Kucinich Stresses Civil Liberties
By Juliet Eilperin
Washington Post Staff Writer
Wednesday, December 24, 2003, Page A06
Fifth in a series of occasional articles
"Let freedom ring even as we travel through the valley of the shadow of terrorism, for freedom is a sweeter melody," Kucinich said. "Let freedom ring. If freedom is under attack from outside sources, then let us not permit an attack from within."
Kucinich has taken his mantra on the presidential campaign trail in Iowa and New Hampshire. In speech after speech, he accuses the Bush administration of overreaching its authority.
"This is one of the hottest issues in this country right now," he said in an interview. "Americans have a sense their liberty is under attack."
Civil liberties may seem an improbable rallying cry for a presidential campaign. But Kucinich is an improbable candidate for the highest office: a maverick who takes pride in challenging authority. The Bush administration, he tells all who will listen, is encroaching on citizens' privacy rights. "This administration has overreached in the area of civil liberties," he said. "Government shouldn't have that power. It's not consistent with what we are as a nation."
To press the matter legislatively, Kucinich has forged an unusual alliance with Rep. C.L. "Butch" Otter (R-Idaho), who listened to Kucinich's protest during the initial House debate on the USA Patriot Act.
As Otter recalled, "it wasn't something where we sat down and said, 'Let's work on this together.' Dennis and I both recognized we were of a like mind on the need for protection of civil liberties."
More than a year later the two drafted an amendment to the Commerce, Justice and State spending bill that would prohibit the Justice Department from carrying out the Patriot Act's "sneak and peek" provisions, which allow federal authorities to search someone's home or office without prior notice.
They targeted their natural constituencies, with Otter speaking to the House's Liberty and Western caucuses and Kucinich appealing to the Progressive Caucus. The House approved the amendment, 309 to 118, but it never became law.
Kucinich also has taken on the FBI. He accused the bureau of infringing on civil liberties after the New York Times reported the FBI had collected information on antiwar demonstrators. "I will continue to attend every peace rally possible, and I expect that I will see millions of Americans there standing proudly and openly against these fear tactics," Kucinich said.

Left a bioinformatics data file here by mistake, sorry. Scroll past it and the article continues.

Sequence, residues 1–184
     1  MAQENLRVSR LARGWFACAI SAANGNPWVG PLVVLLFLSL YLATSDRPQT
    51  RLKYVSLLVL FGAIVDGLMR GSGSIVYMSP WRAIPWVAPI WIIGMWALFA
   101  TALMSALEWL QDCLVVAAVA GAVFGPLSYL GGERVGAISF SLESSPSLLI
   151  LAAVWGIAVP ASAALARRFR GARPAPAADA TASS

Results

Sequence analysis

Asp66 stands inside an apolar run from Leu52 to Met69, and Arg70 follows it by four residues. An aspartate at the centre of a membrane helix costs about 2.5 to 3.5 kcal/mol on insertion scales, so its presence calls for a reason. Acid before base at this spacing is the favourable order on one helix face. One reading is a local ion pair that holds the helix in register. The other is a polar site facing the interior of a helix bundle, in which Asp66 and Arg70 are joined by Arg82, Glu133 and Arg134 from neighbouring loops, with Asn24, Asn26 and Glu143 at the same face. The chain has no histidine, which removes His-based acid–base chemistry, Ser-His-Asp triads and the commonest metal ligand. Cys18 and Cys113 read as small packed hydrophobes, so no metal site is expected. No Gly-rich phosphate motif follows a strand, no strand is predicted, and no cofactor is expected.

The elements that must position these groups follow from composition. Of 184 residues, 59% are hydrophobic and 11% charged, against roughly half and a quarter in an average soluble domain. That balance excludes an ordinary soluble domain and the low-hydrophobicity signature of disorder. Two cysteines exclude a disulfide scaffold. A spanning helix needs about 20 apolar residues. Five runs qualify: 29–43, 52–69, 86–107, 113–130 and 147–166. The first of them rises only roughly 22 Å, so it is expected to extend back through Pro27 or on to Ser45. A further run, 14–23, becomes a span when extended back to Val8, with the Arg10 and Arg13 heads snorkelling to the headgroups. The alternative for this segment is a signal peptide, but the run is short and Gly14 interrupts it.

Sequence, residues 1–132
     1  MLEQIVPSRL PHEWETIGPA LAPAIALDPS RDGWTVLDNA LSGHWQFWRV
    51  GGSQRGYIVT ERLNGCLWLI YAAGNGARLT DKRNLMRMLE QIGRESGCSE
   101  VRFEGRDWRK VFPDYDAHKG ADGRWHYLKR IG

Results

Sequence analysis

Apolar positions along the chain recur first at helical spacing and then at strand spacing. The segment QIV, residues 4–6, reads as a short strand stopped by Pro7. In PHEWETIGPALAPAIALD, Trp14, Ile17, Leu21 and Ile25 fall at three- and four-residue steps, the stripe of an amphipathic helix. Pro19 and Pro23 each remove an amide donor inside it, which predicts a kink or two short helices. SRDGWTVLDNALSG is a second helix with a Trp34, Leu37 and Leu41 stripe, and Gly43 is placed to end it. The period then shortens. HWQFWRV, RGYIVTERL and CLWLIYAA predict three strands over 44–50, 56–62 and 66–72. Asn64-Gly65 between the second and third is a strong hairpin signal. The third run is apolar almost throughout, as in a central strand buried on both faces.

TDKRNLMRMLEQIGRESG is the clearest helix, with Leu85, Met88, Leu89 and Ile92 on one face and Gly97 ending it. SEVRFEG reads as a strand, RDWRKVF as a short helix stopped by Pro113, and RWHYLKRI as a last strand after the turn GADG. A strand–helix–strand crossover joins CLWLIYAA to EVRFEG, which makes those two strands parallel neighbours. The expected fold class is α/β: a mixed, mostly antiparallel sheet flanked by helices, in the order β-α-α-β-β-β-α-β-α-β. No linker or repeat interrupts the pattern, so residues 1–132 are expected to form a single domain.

Attorney General John D. Ashcroft and others have defended the Patriot Act, saying critics exaggerate its impact on civil liberties. "The charges of the hysterics are revealed for what they are: castles in the air, built on misrepresentation, supported by unfounded fear, held aloft by hysterics," Ashcroft told a gathering of police and prosecutors in Memphis this year.
Nonetheless, Kucinich has offered legislation to repeal the act. Americans, he said, are starting to take note of the government's new powers to search business records, including those in libraries and bookstores, in the name of fighting terrorism.
"Congress is ready for decisive action to defend the civil rights of Americans," Kucinich said at a news conference.
Rep. Fortney "Pete" Stark (D-Calif.), who attended the event, predicted that other Democratic presidential candidates would conclude, "We wish we had thought of this first."
Several Kucinich rivals have leveled criticism of the Patriot Act, but not as regularly and forcefully as Kucinich. His doggedness has won some fans in Iowa, home of the first presidential caucus. Shanna Drew, 32, a student at Upper Iowa University, said she was won over by Kucinich's attacks on the Bush administration's civil liberties stance.
"Dennis Kucinich is the only candidate I know who wants total repeal of the Patriot Act," Drew said at a Kucinich campaign event. But she added that it is difficult to spread the word. "Unfortunately a lot of people don't know what's in the Patriot Act. When you call something a Patriot Act, to be opposed to it seems unpatriotic."
Matt Tapscott, another Kucinich supporter who opposes the Patriot Act, said that only "fairly well-informed voters understand that issue."
Kucinich also supports gay rights, pushing for nondiscrimination in hiring and federal benefits for domestic partners of federal employees. He has sought advice and support from the American Civil Liberties Union and the NAACP, among others.
Laura W. Murphy, director of the ACLU's Washington office, called Kucinich "an important voice for civil liberties." His voting record is not perfect in the ACLU's eyes, however, because Kucinich supported a constitutional amendment to ban the burning of the American flag, as well as legislation to ban procedures that critics call "partial-birth abortion."
Still, Murphy said he was a key warrior in the fight to protect privacy. "He's a coalition builder, but he's also someone who's leading by example," she said.
For Kucinich, the battle over the Patriot Act symbolizes a larger fight over how President Bush and his lieutenants relate to the American people. The candidate has accused the administration of terrifying voters through questionable allegations such as Saddam Hussein's possession of weapons of mass destruction in Iraq.
"My candidacy really challenges the fear that has been promoted in this country," Kucinich said. "They have built up a climate of fear in this country. Fear itself is forcing us to sacrifice our liberties."
Political researcher Brian
Faler contributed to this report.
© 2003 The Washington